@MISC{n.n._graphs,basic, author = {n.n.}, title = { Graphs, Basic Notions }, year = {} }

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Abstract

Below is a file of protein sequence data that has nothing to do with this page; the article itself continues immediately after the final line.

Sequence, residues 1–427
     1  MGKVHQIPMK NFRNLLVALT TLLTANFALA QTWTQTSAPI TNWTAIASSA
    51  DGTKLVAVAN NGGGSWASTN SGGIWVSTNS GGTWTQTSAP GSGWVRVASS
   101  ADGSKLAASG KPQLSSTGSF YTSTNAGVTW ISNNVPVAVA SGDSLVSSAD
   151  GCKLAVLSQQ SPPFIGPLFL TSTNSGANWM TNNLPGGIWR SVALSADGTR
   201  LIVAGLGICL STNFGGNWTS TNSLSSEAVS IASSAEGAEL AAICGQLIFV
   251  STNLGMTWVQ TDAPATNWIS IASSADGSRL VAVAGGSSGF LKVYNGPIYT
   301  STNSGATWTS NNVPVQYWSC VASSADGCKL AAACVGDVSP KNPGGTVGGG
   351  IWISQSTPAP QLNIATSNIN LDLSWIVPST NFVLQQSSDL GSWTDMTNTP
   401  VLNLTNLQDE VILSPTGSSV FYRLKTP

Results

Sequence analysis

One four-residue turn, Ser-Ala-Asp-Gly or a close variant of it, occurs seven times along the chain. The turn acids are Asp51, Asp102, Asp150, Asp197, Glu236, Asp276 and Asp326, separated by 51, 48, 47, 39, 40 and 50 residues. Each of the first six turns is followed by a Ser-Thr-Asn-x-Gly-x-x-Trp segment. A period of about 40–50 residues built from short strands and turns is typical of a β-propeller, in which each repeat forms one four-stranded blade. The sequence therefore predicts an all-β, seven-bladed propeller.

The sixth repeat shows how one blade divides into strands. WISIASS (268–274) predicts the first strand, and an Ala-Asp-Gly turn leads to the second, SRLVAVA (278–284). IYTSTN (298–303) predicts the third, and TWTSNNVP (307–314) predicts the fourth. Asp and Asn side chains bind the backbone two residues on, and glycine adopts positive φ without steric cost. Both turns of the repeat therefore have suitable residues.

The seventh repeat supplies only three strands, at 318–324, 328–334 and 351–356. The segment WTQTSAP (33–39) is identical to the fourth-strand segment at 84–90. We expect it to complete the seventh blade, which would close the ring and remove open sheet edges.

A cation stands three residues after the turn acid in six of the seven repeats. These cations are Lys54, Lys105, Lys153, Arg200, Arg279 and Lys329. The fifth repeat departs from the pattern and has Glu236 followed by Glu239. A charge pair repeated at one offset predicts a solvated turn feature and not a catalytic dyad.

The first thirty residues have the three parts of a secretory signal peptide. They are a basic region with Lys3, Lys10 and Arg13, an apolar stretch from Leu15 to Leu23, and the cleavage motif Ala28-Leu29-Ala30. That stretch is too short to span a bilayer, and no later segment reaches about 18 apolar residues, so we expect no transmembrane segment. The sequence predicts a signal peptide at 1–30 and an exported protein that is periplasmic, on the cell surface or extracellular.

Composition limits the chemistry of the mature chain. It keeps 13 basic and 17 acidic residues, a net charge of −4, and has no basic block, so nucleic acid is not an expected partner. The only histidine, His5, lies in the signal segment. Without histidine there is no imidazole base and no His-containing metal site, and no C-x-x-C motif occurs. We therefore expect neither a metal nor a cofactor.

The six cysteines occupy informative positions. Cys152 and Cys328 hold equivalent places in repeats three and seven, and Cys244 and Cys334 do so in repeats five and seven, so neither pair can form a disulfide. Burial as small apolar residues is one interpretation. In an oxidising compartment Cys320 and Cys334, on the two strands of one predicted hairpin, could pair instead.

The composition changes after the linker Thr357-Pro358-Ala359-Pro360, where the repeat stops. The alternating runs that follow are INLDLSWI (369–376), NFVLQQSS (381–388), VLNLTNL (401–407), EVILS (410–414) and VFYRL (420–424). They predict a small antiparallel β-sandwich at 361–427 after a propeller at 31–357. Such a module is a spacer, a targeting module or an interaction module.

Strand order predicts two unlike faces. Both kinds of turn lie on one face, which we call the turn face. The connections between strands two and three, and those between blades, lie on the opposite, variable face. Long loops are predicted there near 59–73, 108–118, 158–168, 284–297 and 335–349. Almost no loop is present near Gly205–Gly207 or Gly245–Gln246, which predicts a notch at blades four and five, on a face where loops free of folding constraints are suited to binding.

Graphs are mathematical structures that have many applications to computer science, electrical engineering and more widely to engineering as a whole, but also to sciences such as biology, linguistics, and sociology, among others. For example, relations among objects can usually be encoded by graphs. Whenever a system has a notion of state and state transition function, graph methods may be applicable. Certain problems are naturally modeled by undirected graphs whereas others require directed graphs. Let us give a concrete example. Suppose a city decides to create a public-transportation system. It would be desirable if this system allowed transportation between certain locations considered important. Now, if this system consists of buses, the traffic will probably get worse so the city engineers decide that the traffic will be improved by making certain streets one-way streets. The problem then is, given a map of the city consisting of the important locations and of the two-way streets linking them, find an orientation of the streets so that it is still possible to travel between any two locations. The problem requires finding a directed graph, given an undirected graph. Figure 5.1 shows the undirected graph corresponding to the city map and Figure 5.2 shows a proposed choice of one-way streets. Did the engineers do a good job or are there locations